I like this book. I would probably recommend it as a primer on the research and perspective on the topic of women and work, though I have some quibbles, it's generally a good recap of the studies and approaches. I was hoping to get more about "what men need to know" and how to engage men in ways that don't make them feel "guilty" or "beaten by a 2X4". I didn't feel there was much explicit advice on that front, besides 'the goals of diversity align with the goals of existing metrics of profit and I like this book. I would probably recommend it as a primer on the research and perspective on the topic of women and work, though I have some quibbles, it's generally a good recap of the studies and approaches. I was hoping to get more about "what men need to know" and how to engage men in ways that don't make them feel "guilty" or "beaten by a 2X4". I didn't feel there was much explicit advice on that front, besides 'the goals of diversity align with the goals of existing metrics of profit and success'. It did discuss how we've seen backlash on trainings and sometimes diversity training can be counterproductive. But, we don't really know the answer.All in all, an easy read, comprehensive on a number of topics, largely based on research. The interpretation of the research is generally good and in line with the data. The major issue I have is with the chapter on crying. That chapter just really didn't seem helpful and I'm not sure those studies are very good.I listened to the audiobook during my commute. It was a good alternative, since I'm not trying to look up the references. I've already read most of them.... except that one study at Carnegie Mellon on job ads. I know job ads are profiling people based on age, but sex too seemed crazy. But, so it is.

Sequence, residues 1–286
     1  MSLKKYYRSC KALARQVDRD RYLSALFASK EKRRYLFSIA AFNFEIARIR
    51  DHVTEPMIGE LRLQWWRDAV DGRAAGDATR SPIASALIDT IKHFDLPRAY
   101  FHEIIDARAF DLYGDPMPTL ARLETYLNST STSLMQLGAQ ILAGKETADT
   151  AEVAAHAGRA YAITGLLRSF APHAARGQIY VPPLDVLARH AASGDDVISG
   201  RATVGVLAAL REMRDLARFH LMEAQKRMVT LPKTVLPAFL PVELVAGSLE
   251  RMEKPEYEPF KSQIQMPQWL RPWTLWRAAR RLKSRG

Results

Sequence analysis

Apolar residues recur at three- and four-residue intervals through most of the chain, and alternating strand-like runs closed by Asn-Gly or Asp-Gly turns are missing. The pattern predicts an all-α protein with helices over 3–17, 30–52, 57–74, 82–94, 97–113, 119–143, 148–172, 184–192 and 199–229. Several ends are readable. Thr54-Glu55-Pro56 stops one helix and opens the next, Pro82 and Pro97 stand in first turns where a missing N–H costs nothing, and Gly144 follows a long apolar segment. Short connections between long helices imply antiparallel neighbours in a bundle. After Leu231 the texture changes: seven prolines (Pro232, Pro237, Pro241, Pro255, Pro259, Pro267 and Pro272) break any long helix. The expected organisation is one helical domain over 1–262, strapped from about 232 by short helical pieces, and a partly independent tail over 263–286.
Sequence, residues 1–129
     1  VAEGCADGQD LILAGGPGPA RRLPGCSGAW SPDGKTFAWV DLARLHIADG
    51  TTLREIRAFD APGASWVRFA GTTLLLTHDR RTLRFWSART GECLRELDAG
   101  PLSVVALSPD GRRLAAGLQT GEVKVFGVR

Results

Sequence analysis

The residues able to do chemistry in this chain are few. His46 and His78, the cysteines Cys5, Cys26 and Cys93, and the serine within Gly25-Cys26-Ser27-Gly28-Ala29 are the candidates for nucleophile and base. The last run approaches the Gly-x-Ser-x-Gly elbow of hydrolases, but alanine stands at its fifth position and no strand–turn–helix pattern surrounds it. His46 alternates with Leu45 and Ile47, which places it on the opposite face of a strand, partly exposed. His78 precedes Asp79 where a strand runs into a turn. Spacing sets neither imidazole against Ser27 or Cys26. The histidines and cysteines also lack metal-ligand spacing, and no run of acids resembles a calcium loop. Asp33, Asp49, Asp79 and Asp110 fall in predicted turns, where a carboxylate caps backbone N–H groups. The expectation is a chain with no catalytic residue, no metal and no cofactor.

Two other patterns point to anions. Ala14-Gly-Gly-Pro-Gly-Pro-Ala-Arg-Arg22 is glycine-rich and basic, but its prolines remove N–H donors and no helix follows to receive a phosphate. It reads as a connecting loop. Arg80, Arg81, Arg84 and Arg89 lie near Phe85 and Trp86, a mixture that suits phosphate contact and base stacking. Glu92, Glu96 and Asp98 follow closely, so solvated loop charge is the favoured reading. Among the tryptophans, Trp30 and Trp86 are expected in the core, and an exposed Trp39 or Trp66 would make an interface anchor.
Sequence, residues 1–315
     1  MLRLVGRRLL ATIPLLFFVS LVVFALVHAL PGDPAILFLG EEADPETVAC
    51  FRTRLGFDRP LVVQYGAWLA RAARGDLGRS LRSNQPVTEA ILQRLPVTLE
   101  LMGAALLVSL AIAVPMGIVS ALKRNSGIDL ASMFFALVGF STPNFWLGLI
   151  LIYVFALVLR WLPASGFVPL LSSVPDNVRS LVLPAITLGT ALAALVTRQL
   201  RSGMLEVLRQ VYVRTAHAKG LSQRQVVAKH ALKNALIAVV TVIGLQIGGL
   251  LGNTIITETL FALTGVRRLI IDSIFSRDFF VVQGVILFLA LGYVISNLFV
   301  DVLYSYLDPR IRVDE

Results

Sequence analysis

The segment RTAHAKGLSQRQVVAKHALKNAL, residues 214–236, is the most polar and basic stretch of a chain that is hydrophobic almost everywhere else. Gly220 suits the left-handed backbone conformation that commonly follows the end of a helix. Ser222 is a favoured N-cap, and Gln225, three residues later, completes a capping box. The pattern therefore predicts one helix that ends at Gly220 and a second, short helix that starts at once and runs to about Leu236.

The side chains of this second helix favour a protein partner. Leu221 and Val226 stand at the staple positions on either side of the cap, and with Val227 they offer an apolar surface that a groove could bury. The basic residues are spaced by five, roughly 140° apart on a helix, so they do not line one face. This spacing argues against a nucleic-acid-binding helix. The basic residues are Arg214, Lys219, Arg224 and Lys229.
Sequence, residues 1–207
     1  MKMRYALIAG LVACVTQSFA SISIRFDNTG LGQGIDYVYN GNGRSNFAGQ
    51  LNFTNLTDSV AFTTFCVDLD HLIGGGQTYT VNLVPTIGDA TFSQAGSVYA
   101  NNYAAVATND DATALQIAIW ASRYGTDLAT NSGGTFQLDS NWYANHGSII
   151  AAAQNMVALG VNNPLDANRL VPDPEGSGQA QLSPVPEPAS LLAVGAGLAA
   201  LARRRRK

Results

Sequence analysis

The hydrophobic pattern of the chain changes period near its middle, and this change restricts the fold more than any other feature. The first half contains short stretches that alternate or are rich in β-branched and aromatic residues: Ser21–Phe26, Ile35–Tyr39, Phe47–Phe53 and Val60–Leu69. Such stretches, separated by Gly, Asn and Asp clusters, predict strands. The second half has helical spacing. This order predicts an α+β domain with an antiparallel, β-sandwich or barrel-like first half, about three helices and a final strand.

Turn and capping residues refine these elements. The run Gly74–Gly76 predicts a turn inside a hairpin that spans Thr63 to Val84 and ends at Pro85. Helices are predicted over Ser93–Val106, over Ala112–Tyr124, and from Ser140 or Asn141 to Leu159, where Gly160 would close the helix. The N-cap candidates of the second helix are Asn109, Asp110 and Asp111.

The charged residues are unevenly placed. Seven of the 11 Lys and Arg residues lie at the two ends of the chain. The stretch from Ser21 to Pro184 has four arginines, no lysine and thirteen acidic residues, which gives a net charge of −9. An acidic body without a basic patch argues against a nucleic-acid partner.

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  • Cavak
    January 1, 1970
    Compared to the previous and older book I read about feminism and gender equality (Does Feminism Discriminate Against Men?: A Debate), Lipman is respectful to both genders without playing the blame game. It's comforting for me to know that we've made some progress since then in addressing gender in modern society. Most examples she cites are from a North American perspective, but a mix of other countries are included too. Hope you like the section about Iceland as much as I did. Lipman talks abo Compared to the previous and older book I read about feminism and gender equality (Does Feminism Discriminate Against Men?: A Debate), Lipman is respectful to both genders without playing the blame game. It's comforting for me to know that we've made some progress since then in addressing gender in modern society. Most examples she cites are from a North American perspective, but a mix of other countries are included too. Hope you like the section about Iceland as much as I did. Lipman talks about the staggering observations about how society views gender. How we all carry unconscious biases, how transgender people are treated after transitions to whatever gender they choose, and how we're all prone to interrupting more women than men. Even how diversity training from the '90s has drawn a greater line between the sexes. No side is exempt from it, even the ones who proclaim to be for women's rights and equal pay. But Lipman's episodes of biting irony makes the blows sink in without pessimism. There is a message of hope under it all.What is helpful to me is that she includes some practical tips that can be used in identifying these cues without resorting to antagonizing attitudes. The simple "cheat sheet" of proposed solutions included at the end of the book is directed towards business leaders, but I think it'd be helpful for anyone who wants to bridge the gender divide in a potentially productive and cooperative way.While Lipman and the people she has interviewed don't offer all of the answers, it did answer some of my questions regarding the gender gap. Keep a curious mind and a heart willing to absorb and listen; you may enjoy this book more.I received the book for free through Goodreads Giveaways.